Matt Handley, Miles Dilworth, Ben Crome, Alex Tyndall, and Joe Mansour take a look at this year’s highlights and lowlights, heroes and villains, humorous diversions and unforgettable moments
Although we tried, we couldn’t avoid talking about the Olympics. Worries that London 2012 would be a G4S-induced mega-mare eventually subsided, as Seb Coe and his team managed to pull off what was, depending how you look at it, either an absolute triumph, or a self congratulatory, flag-waving circle jerk. What was doubtless though was the scale of the achievements of British athletes. ‘Super Saturday’ saw Jessica Ennis reign victorious in the heptathlon, spindly carrot-top Greg Rutherford take long jump gold, and Mo Farah earn the first of two middle-distance triumphs. Their Paralympian counterparts also achieved great things. Soundtracked by Public Enemy, Johnnie Peacock, David Weir and Ellie Simmonds became household names as ParalympicsGB romped to golden glory.
British Sport in 2012
However, not everything British sport had to offer went on in London this year.
First mention must go to Bradley Wiggins, who became the first Briton to win the Tour de France after a dominating performance by Team Sky, and the greater achievement of making it cool to have sideburns. Rory McIlroy (He counts, right?) continued his climb in the upper echelons of golf, winning the PGA championship and cementing his place as world No. 1. England’s footballers proved at Euro 2012 that it’d be more successful to field a team of toddlers than rely upon the current crop of players. Better footballing times were to be had at club level, with Chelsea winning the Champions League in May and someone other than Alex Ferguson being happy at the end of the Premier League season. Meanwhile, even after a summer in which he reached the Wimbledon final, cried after losing the Wimbledon final, won Olympic gold and the US open, Andy Murray still rocks himself to sleep listening to Elton John croon “What have I gotta do, to make you love me?. Probably.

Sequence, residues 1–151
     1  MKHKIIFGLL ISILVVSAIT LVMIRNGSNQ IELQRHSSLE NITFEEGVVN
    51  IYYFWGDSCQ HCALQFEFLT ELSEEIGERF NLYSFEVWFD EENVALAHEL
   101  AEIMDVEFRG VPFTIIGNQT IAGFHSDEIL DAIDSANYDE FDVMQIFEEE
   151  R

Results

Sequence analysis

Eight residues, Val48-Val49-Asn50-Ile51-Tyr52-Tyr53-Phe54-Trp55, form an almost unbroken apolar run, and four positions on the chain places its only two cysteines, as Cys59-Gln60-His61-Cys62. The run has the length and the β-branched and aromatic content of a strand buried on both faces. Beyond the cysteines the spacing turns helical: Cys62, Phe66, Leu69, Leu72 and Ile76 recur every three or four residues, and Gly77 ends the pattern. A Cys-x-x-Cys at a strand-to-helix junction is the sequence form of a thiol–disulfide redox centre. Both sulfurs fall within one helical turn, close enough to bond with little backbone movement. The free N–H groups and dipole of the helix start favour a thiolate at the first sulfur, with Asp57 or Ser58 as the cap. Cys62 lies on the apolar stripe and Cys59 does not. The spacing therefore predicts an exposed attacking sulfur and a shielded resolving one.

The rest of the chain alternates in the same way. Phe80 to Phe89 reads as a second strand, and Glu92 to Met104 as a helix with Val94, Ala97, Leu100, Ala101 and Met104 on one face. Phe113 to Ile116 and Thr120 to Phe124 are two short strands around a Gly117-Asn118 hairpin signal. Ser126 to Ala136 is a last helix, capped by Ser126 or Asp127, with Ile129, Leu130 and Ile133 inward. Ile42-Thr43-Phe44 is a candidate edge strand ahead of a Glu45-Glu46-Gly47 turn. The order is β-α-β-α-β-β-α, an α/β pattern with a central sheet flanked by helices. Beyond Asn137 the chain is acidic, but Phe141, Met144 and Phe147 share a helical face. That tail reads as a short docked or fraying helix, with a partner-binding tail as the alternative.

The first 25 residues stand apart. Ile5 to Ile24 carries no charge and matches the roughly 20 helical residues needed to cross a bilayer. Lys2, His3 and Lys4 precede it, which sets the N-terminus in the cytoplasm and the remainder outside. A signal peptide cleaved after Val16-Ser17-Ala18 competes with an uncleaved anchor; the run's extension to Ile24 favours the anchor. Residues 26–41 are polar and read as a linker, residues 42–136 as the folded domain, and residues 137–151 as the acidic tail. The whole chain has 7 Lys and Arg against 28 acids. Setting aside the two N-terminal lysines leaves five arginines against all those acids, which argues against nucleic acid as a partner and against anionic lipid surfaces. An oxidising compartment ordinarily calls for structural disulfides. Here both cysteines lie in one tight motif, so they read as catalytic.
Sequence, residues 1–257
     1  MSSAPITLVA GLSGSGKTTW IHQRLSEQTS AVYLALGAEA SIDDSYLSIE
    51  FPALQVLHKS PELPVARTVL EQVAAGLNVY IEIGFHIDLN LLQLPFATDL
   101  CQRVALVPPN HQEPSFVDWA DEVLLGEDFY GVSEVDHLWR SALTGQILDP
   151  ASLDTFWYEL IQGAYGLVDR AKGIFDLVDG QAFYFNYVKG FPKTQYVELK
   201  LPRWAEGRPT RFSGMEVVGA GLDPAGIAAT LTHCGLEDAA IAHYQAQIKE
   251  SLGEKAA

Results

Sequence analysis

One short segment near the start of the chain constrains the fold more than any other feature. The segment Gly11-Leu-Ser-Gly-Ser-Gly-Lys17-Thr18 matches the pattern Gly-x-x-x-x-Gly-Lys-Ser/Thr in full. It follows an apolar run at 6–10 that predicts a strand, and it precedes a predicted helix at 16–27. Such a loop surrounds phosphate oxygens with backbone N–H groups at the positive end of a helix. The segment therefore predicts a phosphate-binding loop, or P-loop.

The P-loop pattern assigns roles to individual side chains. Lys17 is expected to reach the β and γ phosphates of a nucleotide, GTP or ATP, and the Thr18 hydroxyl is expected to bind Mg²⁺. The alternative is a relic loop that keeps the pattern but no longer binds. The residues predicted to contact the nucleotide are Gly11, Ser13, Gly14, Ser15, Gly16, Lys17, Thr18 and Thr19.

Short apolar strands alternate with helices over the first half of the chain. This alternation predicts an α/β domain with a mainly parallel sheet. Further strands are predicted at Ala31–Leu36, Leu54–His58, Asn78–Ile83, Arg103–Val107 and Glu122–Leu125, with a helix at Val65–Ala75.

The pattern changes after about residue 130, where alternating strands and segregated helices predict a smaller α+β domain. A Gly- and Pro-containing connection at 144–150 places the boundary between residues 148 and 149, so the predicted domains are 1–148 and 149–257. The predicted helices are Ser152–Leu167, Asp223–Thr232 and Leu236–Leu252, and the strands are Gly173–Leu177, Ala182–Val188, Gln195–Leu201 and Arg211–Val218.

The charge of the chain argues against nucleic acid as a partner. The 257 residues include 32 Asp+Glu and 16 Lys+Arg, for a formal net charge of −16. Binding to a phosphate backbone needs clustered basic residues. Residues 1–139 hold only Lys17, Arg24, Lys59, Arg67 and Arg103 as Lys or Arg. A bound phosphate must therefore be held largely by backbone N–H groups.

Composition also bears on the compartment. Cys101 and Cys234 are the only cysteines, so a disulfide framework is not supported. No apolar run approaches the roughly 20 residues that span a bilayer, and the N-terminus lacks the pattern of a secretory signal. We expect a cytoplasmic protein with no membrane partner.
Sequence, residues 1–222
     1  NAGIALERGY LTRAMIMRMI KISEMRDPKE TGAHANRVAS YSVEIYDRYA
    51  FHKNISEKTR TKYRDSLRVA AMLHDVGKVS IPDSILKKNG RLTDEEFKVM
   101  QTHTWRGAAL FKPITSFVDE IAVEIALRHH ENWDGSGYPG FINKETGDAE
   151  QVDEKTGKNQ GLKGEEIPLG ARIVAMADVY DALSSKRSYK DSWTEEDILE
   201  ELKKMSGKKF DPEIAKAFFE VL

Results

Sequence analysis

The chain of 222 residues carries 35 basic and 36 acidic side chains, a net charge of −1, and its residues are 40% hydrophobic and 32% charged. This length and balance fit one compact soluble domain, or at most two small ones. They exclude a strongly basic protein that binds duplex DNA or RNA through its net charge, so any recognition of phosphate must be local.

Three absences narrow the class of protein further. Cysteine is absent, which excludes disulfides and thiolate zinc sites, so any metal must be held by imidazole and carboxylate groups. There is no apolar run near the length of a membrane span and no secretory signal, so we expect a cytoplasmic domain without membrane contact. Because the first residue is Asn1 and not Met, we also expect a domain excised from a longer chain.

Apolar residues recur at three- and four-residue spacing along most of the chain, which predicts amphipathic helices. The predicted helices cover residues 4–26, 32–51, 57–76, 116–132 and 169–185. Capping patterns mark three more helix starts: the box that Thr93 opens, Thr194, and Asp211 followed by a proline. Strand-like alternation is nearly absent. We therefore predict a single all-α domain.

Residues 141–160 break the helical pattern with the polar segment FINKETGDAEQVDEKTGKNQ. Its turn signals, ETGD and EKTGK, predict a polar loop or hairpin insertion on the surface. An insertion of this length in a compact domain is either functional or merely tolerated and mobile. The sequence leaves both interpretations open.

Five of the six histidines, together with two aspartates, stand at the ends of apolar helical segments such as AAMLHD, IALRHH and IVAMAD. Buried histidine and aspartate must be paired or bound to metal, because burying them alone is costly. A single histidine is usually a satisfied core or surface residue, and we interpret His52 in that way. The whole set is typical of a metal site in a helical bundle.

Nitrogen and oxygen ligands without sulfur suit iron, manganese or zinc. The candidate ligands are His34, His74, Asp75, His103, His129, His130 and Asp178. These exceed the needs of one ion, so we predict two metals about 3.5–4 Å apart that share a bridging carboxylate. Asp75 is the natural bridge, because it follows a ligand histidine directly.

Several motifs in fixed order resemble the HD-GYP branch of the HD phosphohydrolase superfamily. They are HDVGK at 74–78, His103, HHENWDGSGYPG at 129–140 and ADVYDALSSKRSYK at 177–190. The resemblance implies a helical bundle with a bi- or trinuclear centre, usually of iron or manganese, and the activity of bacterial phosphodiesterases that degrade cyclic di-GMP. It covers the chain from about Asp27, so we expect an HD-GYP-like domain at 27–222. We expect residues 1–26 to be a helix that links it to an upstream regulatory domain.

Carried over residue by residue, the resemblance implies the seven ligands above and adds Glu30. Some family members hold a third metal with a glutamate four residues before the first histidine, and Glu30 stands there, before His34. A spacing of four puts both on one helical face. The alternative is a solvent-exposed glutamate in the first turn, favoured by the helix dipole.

Sport in 2012 has been more controversial than Old Man Bridge breaking the Magdalen Hall strike for a post-Bop brunch. Joey Barton said goodbye to the Premiership via a kick to Sergio Agüero’s arse, but the year in English football will be remembered as one engulfed by racist controversy. John Terry dodged a fine in the courts with a TOTALLY LEGITIMATE defence, only to be found guilty by the FA of racially abusing Anton Ferdinand, at the culmination of a fiasco that earlier in the year saw Fabio Capello quit as England manager.
Meanwhile the Olympics and Paralympics passed off as incident-free as ever. Aside from North Korea being greeted with their southern neighbour’s anthem, match-throwing in the Badminton, a fencer refusing to leave the stage after disagreeing with a call, Oscar Pistorius blaming his failure to win gold on his opponent having blades which were too long, and more empty seats than a post-Park End lecture.
It was a big year on the “Cheating Bellend” front, with Lance Armstrong being stripped of his seven Tour de France titles after being found to be behind one of the most elaborate doping schemes in history, whilst Frankie Dettori faces being consigned to sporting infamy after test- ing positive for banned substances. So, all-in-all, a bit of a quiet one.